Let us come back to the contact interaction model introduced in Sec. II. To make our discussion transparent, we use these results for all contributing quark flavourchanging partonic subprocesses (and neglect the factor in the operator definitions). We define the new physics scale and the resulting EFT at (i) , outside the kinematic LHC coverage of the run 2 startup energy and (ii) at the maximum energy of a low statistics phase during run 2 following Sec. III in a toy MC analysis. To take into account the operator mixing and to reflect the energy dependence of the Wilson coefficients when probed at different centreofmass energies , we can solve the RGE resulting from Eqs. (8) and (11) and evaluate the effective Lagrangian at a specific energy scale on an eventbyevent basis. Setting the correct scale at which we evaluate involves some freedom, similar to choosing an appropriate scale, at which we evaluate the running of in SMlike simulations of hadron collider processes. In this particular case we choose , which is also chosen to be the relevant scale for parton densities and the running of the strong coupling.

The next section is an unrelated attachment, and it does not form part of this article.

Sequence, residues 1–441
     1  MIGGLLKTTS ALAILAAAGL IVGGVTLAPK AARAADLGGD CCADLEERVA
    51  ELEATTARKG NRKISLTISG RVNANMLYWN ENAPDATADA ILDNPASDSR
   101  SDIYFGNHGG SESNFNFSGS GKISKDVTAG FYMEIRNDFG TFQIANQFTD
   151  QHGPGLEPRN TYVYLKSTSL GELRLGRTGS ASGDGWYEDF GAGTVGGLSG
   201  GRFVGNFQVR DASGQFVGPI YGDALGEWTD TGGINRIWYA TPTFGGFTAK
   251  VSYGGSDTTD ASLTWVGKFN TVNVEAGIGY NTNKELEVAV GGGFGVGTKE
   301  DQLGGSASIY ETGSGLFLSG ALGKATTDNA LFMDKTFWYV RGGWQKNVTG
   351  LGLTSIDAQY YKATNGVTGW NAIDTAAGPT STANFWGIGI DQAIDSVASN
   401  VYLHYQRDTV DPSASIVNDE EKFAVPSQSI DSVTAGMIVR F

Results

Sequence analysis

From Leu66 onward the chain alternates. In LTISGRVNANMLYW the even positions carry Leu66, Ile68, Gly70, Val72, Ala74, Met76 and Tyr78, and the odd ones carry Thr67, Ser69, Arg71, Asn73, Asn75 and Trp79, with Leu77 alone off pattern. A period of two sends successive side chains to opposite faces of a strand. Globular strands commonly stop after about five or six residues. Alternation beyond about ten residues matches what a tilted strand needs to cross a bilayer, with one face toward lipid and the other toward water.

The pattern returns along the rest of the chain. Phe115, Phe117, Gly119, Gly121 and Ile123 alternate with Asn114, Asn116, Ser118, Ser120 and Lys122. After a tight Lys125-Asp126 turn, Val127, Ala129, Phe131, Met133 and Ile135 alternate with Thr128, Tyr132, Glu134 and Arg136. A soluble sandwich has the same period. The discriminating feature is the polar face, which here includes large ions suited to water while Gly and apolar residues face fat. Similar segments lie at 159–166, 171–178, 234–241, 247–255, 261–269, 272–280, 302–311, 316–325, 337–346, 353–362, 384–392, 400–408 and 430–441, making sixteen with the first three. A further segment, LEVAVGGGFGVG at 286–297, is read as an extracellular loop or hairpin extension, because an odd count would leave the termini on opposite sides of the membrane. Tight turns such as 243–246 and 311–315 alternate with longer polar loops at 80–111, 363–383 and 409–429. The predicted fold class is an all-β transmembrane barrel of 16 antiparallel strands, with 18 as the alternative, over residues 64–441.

In Fig. 2 we display the differential impact of taking into account the RGEimproved separation of from the scale at which the effective Lagrangian is probed as a function of the jets’ transverse momentum .^{¶}^{¶}¶These results have been obtained with a modified version of MadEvent/MadGraph v5 Alwall:2011uj , inputting a Ufo ufo model file generated with FeynRules feynrules . We select jets in using the Monte Carlo’s default settings. The toy model could be thought of in terms of an already constrained very massive boson. We have checked that an analogous model leads to similar results.
Generally the absolute effects dominated over the RGE improved event simulation as becomes obvious from the logarithmic plot in Fig. 2. The induced relative difference turns out to be of order in this particular example. Depending on the size of the data sample and the systematic uncertainty this could in principle be the level at which the LHC will be able to probe jet distributions at large luminosities during run 2.
Obviously, for our choice of , the impact of RGE effects are not very large and will not account for the dominant uncertainties on nonstandard interactions at the beginning of run 2 (see Refs. dijetNLO ; dijetmeas for a discussion of systematic uncertainties of jet measurements at the LHC). Given the 10% relative impact of a theoretically clean separation of new physics and measurement scale as demonstrated in Fig. 2, we can turn the argument around to validate the practitioner’s approach of setting limits on the presence of the new operators without taking into account the running of RGEs, since their numerical impact is not too large.